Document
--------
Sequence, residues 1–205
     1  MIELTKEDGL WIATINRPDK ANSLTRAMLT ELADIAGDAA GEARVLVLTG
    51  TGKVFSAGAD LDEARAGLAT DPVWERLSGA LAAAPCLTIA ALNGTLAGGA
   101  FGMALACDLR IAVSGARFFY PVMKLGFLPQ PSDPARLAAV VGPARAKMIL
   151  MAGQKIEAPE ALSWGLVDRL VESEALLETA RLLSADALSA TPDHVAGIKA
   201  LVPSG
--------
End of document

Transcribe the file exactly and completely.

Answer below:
Sequence, residues 1–205
     1  MIELTKEDGL WIATINRPDK ANSLTRAMLT ELADIAGDAA GEARVLVLTG
    51  TGKVFSAGAD LDEARAGLAT DPVWERLSGA LAAAPCLTIA ALNGTLAGGA
   101  FGMALACDLR IAVSGARFFY PVMKLGFLPQ PSDPARLAAV VGPARAKMIL
   151  MAGQKIEAPE ALSWGLVDRL VESEALLETA RLLSADALSA TPDHVAGIKA
   201  LVPSG